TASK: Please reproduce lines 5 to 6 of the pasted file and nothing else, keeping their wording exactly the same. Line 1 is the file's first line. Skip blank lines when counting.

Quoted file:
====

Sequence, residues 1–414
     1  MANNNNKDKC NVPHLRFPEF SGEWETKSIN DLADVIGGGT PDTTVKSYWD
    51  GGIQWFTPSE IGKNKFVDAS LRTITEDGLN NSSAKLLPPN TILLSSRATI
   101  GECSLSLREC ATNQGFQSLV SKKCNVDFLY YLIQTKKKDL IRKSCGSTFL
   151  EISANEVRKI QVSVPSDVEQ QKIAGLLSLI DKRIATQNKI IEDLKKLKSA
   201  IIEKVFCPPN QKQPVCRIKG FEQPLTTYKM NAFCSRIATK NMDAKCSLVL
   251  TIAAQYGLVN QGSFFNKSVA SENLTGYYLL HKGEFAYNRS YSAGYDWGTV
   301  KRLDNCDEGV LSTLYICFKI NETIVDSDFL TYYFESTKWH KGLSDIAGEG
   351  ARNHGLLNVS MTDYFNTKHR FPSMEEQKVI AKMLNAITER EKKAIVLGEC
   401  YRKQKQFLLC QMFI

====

   151  EISANEVRKI QVSVPSDVEQ QKIAGLLSLI DKRIATQNKI IEDLKKLKSA
   201  IIEKVFCPPN QKQPVCRIKG FEQPLTTYKM NAFCSRIATK NMDAKCSLVL